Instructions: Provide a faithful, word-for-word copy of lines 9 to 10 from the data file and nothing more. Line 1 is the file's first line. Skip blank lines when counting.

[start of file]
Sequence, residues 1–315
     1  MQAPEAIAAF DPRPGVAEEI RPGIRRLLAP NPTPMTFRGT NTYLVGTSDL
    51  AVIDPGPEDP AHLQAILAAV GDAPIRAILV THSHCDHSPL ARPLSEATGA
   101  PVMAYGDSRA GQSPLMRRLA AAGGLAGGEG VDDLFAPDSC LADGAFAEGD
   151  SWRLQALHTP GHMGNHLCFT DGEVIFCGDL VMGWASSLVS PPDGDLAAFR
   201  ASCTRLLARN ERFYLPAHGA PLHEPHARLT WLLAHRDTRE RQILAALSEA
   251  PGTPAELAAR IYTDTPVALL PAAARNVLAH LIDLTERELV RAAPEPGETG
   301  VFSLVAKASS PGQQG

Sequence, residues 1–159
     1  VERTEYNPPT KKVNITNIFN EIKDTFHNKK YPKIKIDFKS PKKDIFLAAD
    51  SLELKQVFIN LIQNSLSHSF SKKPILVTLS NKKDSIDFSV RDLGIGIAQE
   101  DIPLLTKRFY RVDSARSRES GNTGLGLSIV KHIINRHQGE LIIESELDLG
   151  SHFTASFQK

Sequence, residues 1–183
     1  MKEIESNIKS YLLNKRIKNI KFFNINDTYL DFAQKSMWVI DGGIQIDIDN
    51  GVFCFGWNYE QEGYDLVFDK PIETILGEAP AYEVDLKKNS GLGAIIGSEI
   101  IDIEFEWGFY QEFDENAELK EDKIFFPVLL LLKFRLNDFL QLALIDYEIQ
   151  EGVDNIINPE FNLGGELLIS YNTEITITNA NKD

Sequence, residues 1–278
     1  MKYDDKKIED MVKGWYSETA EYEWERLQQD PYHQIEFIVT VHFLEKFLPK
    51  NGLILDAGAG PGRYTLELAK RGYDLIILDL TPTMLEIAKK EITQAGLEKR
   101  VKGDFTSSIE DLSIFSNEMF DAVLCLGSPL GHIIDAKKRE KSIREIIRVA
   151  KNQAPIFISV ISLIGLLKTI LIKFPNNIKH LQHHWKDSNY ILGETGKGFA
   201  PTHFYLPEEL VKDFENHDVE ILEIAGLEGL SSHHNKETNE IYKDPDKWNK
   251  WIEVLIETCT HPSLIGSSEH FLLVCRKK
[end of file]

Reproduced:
Sequence, residues 1–159
     1  VERTEYNPPT KKVNITNIFN EIKDTFHNKK YPKIKIDFKS PKKDIFLAAD